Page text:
Happy new year! Thinking about new year's resolutions? Pregnancy is a great time to work on making healthy lifestyle changes including healthy eating and a regular exercise routine.
Celebrity gossip has brought exercise in pregnancy into the mainstream media recently. Khloe Kardashian has been in the news as she has confirmed her pregnancy and posted pictures from her workouts in social media (Snapchat), see below:
Khloe is a good role model because exercise in pregnancy is very beneficial and important for almost all pregnant women! Pregnant women should always confirm the safety of the type and frequency of exercise with their OB/gyn, but for the most part, all pregnant women should be physically active.
Benefits of Exercise in Pregnancy
Here are the many benefits of exercise in pregnancy:
- Maintain a healthy weight, avoid excessive weight gain
- Decreased risk of gestational diabetes, especially in obese women
- Improved psychological well being, stress relief
- Decrease back pain
- Ease constipation
- Help prevent pre-eclampsia
- May decrease your risk of c-section
- Stay physically fit which can help with labor and pushing
- Quicker postpartum recovery
When Exercise is Not Safe
There are some rare conditions in which exercise is not safe. These include:
- Severe heart or lung conditions
- Pregnancies that are high risk for preterm labor with short cervix or cerclage in place
- Placenta previa (placenta covering the cervix)
- Persistent vaginal bleeding in the second or third trimester
- Preterm rupture membranes
- Pre-eclampsia, uncontrolled high blood pressure
- Severe anemia
Fit Pregnancy Recommendations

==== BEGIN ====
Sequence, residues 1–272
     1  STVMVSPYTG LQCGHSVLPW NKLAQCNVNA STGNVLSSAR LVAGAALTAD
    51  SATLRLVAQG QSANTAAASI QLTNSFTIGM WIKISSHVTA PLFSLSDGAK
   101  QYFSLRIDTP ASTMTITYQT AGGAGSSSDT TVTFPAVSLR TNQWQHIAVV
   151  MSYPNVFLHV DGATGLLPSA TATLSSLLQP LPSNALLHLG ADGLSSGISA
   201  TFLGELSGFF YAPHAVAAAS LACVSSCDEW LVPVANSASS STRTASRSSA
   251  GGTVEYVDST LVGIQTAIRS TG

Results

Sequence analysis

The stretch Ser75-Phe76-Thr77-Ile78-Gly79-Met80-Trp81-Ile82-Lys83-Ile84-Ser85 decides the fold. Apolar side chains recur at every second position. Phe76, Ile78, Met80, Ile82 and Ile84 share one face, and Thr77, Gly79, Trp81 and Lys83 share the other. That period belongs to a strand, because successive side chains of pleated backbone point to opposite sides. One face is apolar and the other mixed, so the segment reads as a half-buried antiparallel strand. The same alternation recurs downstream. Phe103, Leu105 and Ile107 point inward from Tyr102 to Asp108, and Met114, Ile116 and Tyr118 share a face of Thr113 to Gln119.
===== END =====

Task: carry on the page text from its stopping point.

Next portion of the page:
In general, for an uncomplicated pregnancy in a healthy patient, regular exercise is recommended. The frequency, duration, and intensity of exercise will depend on each woman’s fitness level and exercise routine prior to pregnancy. A good rule of thumb is 20-30 minutes of moderate activity all or almost all days of the week. This recommendation applies to all trimesters. There is not a specific target heart rate or maximum time limit for exercise.
Pregnant women typically become fatigued and out of breath quicker than when they are not pregnant so it is normal to have to jog at a slower pace, adjust the amount of weight used, or decrease intensity in general. Pregnant women should be able to maintain a conversation during the workout and moderate intensity is the equivalent of a brisk walk.
There are many safe exercises that pregnant women can do. It is important to stay well hydrated, to avoid overheating, and to maintain adequate caloric intake. Pregnancy safe exercises include walking, jogging, swimming, yoga and pilates (with modifications), strength training, aerobics. Swimming or water aerobics are great options for women with back pain or leg swelling.
Women should stop exercising and seek advice from their pregnancy provider if they have bleeding, leaking fluid, regular painful contractions, chest pain, difficulty breathing, or dizziness/lightheadedness.
Exercises to Avoid in Pregnancy
- Contact sports (soccer, basketball)
- Scuba diving
- Laying flat on your back for abs or other exercises after the first trimester
- Sports with risk of falling (skiing, horseback riding etc)
- Hot yoga or hot pilates
Modifications for Pregnancy
Use an inclined bench or wedge pillow for chest press or ab exercises
Knee pushups or pushups against the wall
Core exercises in hand/knees position rather than full plank. This puts less pressure on your abdominal wall to help decrease the chance of developing diastasis recti (separation of abdominal wall muscles).
I hope this helps provide some helpful motivation and reassurance about the importance and safety of exercise during pregnancy. Your body and your future child will benefit immensely!
American College of Obstetricians and Gynecologists. Physical activity and exercise during pregnancy and the postpartum period. Committee opinion number 650. December, 2015.
By Dr. Loriana Soma - Expert OB/GYN